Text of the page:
5 years ago

Standardised index for measuring atmospheric grass-pollen emission

Standardised index for measuring atmospheric grass-pollen emission
Grass pollen is the main cause of pollen allergy in Europe, and—given its marked allergenic potential and elevated airborne concentrations—constitutes a major public health risk. This study sought to identify the grass species triggering allergies during the highest-risk periods, and to measure the contribution of each species to airborne grass pollen concentrations. This type of research is particularly useful with a view to optimising the prevention and diagnosis of pollen allergies and developing the most effective immunological treatments. To that end, a total of 28 species potentially responsible for allergies were analysed. In order to assess the potential contribution of these species to overall airborne pollen concentrations, an index was designed (Pollen Contribution Index) based on the following parameters for each species: flowering phenology, pollen grain size (polar and equatorial axes), abundance of the species in the area and pollen production. The species contributing most to airborne pollen concentrations were, in order: Dactylis glomerata subsp. hispanica, Lolium rigidum, Trisetum paniceum and Arrhenatherum album. These species all shared certain features: small grain size (and thus greater buoyancy in air), high pollen production and considerable abundance. This Index was applied to a case study in a Mediterranean-climate area of the central Iberian Peninsula, but could equally be applied to other areas and other allergenic pollens. Findings showed that a small number of species were responsible for most airborne grass pollen.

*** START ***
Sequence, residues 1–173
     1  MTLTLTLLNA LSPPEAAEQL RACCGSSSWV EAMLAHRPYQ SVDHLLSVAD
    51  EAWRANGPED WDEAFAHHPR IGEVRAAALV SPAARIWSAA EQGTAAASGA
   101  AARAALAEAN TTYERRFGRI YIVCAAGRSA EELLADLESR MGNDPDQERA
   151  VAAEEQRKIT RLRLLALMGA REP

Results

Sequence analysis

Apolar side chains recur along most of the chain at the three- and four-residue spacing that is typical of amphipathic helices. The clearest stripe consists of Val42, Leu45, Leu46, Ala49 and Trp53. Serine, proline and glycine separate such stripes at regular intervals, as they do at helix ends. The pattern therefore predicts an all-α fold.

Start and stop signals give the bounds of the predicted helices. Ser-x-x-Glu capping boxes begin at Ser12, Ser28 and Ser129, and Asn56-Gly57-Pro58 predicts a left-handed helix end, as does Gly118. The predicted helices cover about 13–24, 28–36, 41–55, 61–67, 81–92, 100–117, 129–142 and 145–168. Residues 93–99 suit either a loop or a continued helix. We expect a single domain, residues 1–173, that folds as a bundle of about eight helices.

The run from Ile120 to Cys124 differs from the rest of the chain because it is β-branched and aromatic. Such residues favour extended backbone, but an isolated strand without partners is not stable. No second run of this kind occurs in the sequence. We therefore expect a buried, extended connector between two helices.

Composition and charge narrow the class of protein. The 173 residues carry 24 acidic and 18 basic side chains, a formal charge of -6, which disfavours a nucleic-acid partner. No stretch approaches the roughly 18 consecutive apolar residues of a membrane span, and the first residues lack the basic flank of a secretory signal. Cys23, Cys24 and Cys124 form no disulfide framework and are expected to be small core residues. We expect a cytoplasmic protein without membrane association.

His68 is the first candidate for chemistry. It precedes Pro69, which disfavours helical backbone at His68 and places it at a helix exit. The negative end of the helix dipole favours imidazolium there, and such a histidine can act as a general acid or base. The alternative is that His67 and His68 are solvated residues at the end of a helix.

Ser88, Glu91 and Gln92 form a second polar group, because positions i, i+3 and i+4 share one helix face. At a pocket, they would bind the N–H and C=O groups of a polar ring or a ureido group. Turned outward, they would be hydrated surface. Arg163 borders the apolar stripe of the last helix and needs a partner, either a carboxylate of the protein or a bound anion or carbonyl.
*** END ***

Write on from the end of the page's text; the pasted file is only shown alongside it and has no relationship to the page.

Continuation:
Publisher URL: www.sciencedirect.com/science

DOI: S0048969717321393

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